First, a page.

Luxury flats plan for B-listed former Fife hospital get go-ahead from council
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Councillors gave the go-ahead at Fife Council’s North East Planning Committee on Wednesday. They all wanted to see the B-listed mansion restored, but expressed concerns about the “enabling” housing development to offset restoration costs.
Dundee’s Greystone Estates LTD received planning permission to restore the old maternity hospital and transform it into 27 luxury flats. However, in order to see the old mansion restored, the committee also had to accept an “enabling development” of 18 townhouses on the surrounding land.
A report to the committee said. “In an ideal scenario, no enabling development would be required within the grounds of the building. However, it has been demonstrated that the proposed level of enabling development is the minimum amount required to cross-fund the restoration,”
Built in 1903, Craigtoun mansion was originally a family estate known as Mount Melville House. Fife Council bought the property in 1947 and the mansion became a hospital until 1992 when it was sold alongside 330 acres of parkland to the Old Course Hotel, St Andrews who developed the Dukes Golf Course in the west park. Since then, the mansion has lain empty and slowly slipped into disrepair. It is currently categorised as being in “poor” condition and deemed a “moderate” risk on the Buildings at Risk register.
A detailed building condition survey said the external fabric is “generally poor" and noted “the continued degradation” of external features such as roof coverings, masonry joints and dormers. Internally, a section of the floor and ceiling on the south elevation has collapsed. Water pouring in is resulting in the loss of plasterwork - especially in the upper rooms. The survey also indicates that “dry rot outbreaks are worsening and will continue to exacerbate the rate of intervention required.”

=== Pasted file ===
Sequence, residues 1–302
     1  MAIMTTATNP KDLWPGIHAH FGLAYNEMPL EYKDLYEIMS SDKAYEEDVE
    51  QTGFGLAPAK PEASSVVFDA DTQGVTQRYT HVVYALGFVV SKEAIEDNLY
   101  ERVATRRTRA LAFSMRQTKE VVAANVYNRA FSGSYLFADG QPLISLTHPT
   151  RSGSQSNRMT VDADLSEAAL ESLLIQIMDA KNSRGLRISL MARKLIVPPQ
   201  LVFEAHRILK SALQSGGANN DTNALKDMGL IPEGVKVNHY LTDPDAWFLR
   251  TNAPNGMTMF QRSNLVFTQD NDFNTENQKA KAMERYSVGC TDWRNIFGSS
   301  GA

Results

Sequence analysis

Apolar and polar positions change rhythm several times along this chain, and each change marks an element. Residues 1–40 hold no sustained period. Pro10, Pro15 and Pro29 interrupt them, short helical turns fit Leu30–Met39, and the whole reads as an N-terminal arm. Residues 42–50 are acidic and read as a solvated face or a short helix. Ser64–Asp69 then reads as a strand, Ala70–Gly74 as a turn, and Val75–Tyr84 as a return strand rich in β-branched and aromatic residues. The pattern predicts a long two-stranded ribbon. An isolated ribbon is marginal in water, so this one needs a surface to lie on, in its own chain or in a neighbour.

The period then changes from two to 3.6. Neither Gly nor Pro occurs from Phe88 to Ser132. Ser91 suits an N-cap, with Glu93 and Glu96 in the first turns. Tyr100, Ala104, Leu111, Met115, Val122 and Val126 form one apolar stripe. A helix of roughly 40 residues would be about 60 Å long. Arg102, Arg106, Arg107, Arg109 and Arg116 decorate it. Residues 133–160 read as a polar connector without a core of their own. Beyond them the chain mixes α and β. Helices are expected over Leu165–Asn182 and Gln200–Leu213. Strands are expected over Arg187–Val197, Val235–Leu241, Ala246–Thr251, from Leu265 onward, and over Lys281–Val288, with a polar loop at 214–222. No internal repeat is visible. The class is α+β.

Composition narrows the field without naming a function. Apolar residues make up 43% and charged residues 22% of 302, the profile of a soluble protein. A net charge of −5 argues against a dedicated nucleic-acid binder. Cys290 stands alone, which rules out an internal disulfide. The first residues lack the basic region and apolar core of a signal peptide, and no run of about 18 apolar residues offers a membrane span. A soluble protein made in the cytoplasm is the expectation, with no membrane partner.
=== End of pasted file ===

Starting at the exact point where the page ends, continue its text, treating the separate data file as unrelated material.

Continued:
Councillor David MacDiarmid (SNP for Howe of Fife and Tay Coast) has a personal connection to the old hospital as it is where his wife was born.
“This building is very close to my heart. Any time I’ve visited it breaks my heart that it was allowed to get into this condition," he said. "Now, I feel like we’re held for ransom by developers. We’re being told the building won’t get renovated unless we allow these contemporary houses that to me look architecturally suspect.”
However, planning officers highlighted that Craigtoun mansion has not had a meaningful planning application for many years.
“We’ve waited 25 years to see a serious plan for this building come forward. I would suggest that if we wait another 25 years, the next application we see will be for demolition,” a planning officer said.
The planning report agreed that the current proposals are “the only means of preventing the loss of the asset.”
“Were this a straightforward application for a housing development in the countryside it would likely be refused, but the significant consideration in this case is the restoration of the listed building,” officers told the committee on Wednesday. “I would reiterate the word ‘balance’ for this application. It’s not a perfect proposal but in order to realise the restoration it has been recommended for approval.”
The application includes the loss of 11 trees - including a category A listed tree - to make way for the 18 townhouses. Fife Council’s education team has also raised capacity issues at both Madras College and Lawhead Primary School.
The capacity issue at Madras is critical, and problems are expected within the next two years. Lawhead Primary School has capacity issues on the horizon, but is not yet critical. As a result of these concerns, the developers will be required to pay a financial contribution of £145,345 to mitigate the impact on local school infrastructure.
Very little will change externally for the former hospital. Developers intend to make much needed stonework repairs and replacement windows and roof coverings.
Internally, the company intends to retain as many of the building’s historic features as possible. These include a grand staircase connecting all three storeys, the top floor of which provides views over St Andrews.
The plans will require the demolition of two ancillary buildings on the Craigtoun grounds. The outbuildings are proposed for demolition in order to create space for the enabling new build development. Neither outbuilding has particular historical or cultural significance aside from their association with the former hospital and Craigtoun grounds.